2008 Industry Outlook
Thinking outside the pump: As people drive less and use more fuel-efficient cars, funding improvements is becoming more problematic.
Among the options is replacing the per-gallon tax with what amounts to a user fee. Motorists would be charged “for the miles you use, how many miles you put on the road,” says Kevin Thibault, assistant secretary for engineering and operations for the Florida Department of Transportation.
Later this year, possibly in Orlando or Miami, FDOT may test the approach; it’s deciding whether to develop its own version of a pilot program pioneered by transportation officials in Oregon. There, an off-the-shelf device was installed in some motorists’ vehicles to track the number of miles they drove. At a gas station, a special pump reads the device. “You traveled 200 miles at so many cents a mile,” Thibault says. “Boom, here’s your tax.”
Though Thibault says the Oregon pilot “worked very well,” it could be problematic to accurately track a large number of drivers and collect the fee. One possibility: An odometer radio tag that would count total miles traveled between refueling, then wirelessly download the mileage information at gas stations, where the user fee would be automatically calculated and added to the fuel bill.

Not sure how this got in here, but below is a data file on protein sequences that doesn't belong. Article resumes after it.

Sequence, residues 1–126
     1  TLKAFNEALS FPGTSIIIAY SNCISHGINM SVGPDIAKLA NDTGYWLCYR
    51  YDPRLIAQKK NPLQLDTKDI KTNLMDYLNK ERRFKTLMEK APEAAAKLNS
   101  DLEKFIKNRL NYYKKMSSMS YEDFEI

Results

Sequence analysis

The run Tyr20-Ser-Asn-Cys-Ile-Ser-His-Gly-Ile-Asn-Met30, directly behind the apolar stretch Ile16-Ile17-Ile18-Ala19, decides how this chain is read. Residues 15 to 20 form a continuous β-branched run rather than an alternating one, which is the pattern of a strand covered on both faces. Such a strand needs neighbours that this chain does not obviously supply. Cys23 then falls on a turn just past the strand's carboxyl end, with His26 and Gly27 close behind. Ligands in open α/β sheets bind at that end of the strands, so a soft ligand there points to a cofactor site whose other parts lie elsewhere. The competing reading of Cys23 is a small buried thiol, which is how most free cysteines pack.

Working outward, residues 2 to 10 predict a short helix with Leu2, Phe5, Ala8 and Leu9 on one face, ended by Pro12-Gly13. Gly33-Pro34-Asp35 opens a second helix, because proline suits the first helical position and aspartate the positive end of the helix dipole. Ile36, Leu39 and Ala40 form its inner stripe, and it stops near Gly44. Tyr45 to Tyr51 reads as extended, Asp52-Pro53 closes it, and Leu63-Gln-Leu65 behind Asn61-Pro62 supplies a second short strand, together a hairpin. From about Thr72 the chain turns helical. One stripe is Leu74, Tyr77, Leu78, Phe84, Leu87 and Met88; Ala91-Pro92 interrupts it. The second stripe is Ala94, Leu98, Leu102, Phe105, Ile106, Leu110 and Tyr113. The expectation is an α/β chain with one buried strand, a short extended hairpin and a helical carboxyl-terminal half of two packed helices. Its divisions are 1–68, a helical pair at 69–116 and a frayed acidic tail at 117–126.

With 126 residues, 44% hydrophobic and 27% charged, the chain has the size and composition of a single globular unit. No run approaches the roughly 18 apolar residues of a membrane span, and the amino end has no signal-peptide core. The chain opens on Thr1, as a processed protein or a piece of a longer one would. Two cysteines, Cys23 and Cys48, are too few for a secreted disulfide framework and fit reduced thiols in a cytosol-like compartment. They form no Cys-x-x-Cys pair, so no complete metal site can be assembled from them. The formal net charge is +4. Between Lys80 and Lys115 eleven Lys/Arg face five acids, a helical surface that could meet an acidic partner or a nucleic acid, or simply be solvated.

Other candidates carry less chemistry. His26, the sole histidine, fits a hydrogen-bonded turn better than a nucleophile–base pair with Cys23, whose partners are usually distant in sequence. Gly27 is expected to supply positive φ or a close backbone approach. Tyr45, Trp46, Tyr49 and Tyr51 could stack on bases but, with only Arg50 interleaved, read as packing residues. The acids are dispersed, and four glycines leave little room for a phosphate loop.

Regardless of the pilot program’s fate, the funding issue will persist, says Thibault. “The way we collect revenue through the motor vehicle fuel tax is just not the way it’s going to need to work in the future. We’re still going to have transportation needs, so there’s going to be another method to determine how we fund transportation.”
Motor Fuel Consumption
|Source: Florida Department of Transportation|
Top East Coast Ports
(Based on the number of 20-foot containers that pass through the port)
|New York/New Jersey||
|Hampton Roads, Va.||
|Source: American Association of Port Authorities|